Wall Street banks have cut hundreds of securities jobs over the last two months

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A turbulent end of 2018 mixed with a fairly unimpressive first quarter has Wall Street banks yet again taking the knife to their securities staff. Our analysis suggests the five big U.S. investment banks have cut nearly 350 net jobs in New York in 2019, with much of the carnage coming in the last two months.

As you can see in the chart below, Goldman Sachs, Morgan Stanley, Citi, J.P. Morgan and Bank of America Merrill Lynch have all reduced the number of Finra-registered staff in New York since we first checked the numbers in January. The news isn’t much of a surprise at Goldman Sachs – the bank has filed layoff notices with the New York State Department of Labor twice already this year while also slashing pay – but there hasn’t been much publicly reported concerning other banks on Wall Street. This seems to have been an omission. 

Reductions in headcount have increased significantly over the last eight weeks. Only 70 total jobs were lost as of the end of February, with J.P. Morgan actually adding Finra-registered brokers during the first two months of the year. (It’s important to note the numbers represent net losses, meaning they take into account any new hires that have been made in 2019).

Citi’s fixed income traders performed well in Q1, slightly increasing revenues while all other rivals sputtered, but its equities unit saw a 24% drop in revenue. Chief Financial Officer Mark Mason noted during the bank’s recent investor day that Citi has accelerated some of its 2019 plans to cut expenses through the "simplification" of its organization. Apparently that simplification process very much includes traders and other employees registered with Finra (the numbers below exclude financial advisors).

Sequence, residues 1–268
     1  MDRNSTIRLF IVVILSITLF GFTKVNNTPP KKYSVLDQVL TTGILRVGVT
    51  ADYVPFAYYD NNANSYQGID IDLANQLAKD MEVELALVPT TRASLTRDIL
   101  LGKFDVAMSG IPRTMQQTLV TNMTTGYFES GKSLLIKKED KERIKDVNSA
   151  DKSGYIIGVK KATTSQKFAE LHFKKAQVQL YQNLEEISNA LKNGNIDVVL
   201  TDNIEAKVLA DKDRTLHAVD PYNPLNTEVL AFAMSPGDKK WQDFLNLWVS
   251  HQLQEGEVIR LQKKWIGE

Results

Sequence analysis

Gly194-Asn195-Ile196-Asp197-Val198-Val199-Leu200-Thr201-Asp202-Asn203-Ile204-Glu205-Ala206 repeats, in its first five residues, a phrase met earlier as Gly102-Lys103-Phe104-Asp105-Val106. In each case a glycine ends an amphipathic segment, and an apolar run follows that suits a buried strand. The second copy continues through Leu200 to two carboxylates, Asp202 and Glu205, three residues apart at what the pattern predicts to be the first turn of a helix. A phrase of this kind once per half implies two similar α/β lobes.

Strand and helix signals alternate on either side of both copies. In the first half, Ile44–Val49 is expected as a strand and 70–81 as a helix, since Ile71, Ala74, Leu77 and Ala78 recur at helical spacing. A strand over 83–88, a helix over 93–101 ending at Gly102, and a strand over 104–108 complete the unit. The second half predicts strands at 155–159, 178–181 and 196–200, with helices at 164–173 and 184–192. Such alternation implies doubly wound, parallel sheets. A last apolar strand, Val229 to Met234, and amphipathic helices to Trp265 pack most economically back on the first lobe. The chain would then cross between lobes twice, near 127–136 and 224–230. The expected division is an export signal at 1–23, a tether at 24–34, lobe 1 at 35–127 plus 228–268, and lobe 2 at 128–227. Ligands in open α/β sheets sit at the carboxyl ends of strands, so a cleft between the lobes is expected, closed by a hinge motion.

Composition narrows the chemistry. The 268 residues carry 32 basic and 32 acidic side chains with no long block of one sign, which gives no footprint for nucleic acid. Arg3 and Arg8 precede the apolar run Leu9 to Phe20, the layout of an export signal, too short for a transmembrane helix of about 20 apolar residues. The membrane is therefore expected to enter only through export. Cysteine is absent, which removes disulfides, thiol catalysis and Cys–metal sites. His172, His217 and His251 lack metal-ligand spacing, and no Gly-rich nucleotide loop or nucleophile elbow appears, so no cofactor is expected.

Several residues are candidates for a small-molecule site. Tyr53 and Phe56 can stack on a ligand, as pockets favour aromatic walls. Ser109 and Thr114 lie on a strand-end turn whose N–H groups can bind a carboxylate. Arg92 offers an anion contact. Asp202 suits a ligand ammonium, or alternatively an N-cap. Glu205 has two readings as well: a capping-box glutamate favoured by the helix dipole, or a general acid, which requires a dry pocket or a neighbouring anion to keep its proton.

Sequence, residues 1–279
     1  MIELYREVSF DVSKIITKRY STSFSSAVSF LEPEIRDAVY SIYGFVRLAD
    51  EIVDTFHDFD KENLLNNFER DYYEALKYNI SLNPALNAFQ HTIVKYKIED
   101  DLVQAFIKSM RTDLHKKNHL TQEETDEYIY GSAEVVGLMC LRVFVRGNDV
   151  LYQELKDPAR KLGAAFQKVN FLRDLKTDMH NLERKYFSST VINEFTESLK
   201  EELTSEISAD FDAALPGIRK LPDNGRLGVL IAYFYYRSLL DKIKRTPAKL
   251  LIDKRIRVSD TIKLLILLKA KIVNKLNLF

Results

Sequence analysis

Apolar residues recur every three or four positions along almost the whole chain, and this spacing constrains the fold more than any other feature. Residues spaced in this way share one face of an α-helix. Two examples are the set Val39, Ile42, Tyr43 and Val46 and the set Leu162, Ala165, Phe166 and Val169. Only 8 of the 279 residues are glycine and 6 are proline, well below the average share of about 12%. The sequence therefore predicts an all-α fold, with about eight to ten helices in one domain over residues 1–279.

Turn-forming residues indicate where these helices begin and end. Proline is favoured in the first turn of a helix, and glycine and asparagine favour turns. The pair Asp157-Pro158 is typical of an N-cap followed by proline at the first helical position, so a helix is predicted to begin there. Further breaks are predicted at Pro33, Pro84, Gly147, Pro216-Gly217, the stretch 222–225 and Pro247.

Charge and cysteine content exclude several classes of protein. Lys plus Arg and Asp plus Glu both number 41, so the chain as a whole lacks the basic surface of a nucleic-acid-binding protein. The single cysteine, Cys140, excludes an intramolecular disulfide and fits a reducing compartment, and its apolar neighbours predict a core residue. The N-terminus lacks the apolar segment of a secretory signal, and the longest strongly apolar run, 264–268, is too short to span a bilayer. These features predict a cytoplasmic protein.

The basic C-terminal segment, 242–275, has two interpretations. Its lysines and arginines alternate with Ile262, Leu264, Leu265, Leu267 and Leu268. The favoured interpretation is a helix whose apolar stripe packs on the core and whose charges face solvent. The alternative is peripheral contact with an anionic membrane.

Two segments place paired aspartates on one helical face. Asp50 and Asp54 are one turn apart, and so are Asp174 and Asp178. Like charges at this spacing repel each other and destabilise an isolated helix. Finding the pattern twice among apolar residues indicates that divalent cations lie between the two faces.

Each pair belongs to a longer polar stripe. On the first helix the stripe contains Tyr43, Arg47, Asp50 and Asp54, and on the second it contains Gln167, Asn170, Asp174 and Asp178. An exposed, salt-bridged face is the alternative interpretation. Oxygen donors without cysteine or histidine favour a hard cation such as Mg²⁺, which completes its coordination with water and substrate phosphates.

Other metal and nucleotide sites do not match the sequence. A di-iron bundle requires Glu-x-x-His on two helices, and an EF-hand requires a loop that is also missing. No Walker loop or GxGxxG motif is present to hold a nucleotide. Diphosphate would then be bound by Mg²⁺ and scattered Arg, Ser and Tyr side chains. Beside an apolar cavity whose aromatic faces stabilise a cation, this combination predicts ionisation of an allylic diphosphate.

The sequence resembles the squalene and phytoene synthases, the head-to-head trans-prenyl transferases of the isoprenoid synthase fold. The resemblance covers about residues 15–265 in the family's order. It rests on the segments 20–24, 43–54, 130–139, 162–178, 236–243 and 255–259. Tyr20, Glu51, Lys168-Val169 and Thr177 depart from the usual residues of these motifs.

Meanwhile, the two European banks that we looked at in January – Deutsche Bank and HSBC – also saw a significant drop in Finra-registered New York staff. Employing a smaller number of local brokers than U.S. rivals, Deutsche Bank saw the biggest percentage drop among all seven banks that we looked at, which comes as no surprise considering its tenuous situation. Deutsche’s U.S. equities head, Peter Selman, has stressed multiple times that the bank is actually hiring junior traders to make up for the loss of senior staff, though it’s possible those hires are very green and have yet to pass a Finra-sponsored exam that would allow them to trade securities. It's also possible that plan has been put on pause due to the confusion surrounding the Commerzbank merger (or not).

Either way, this may just be the beginning. Yes, there’s the constant threat of continued automation, but one analyst warned last week that Wall Street’s sluggish first quarter may actually be its best of the year. As we reported last week, even tech-related job vacancies have crumbled at Wall Street banks in 2019. The tax-cut infused honeymoon that was the first three quarters of 2018 is officially over.


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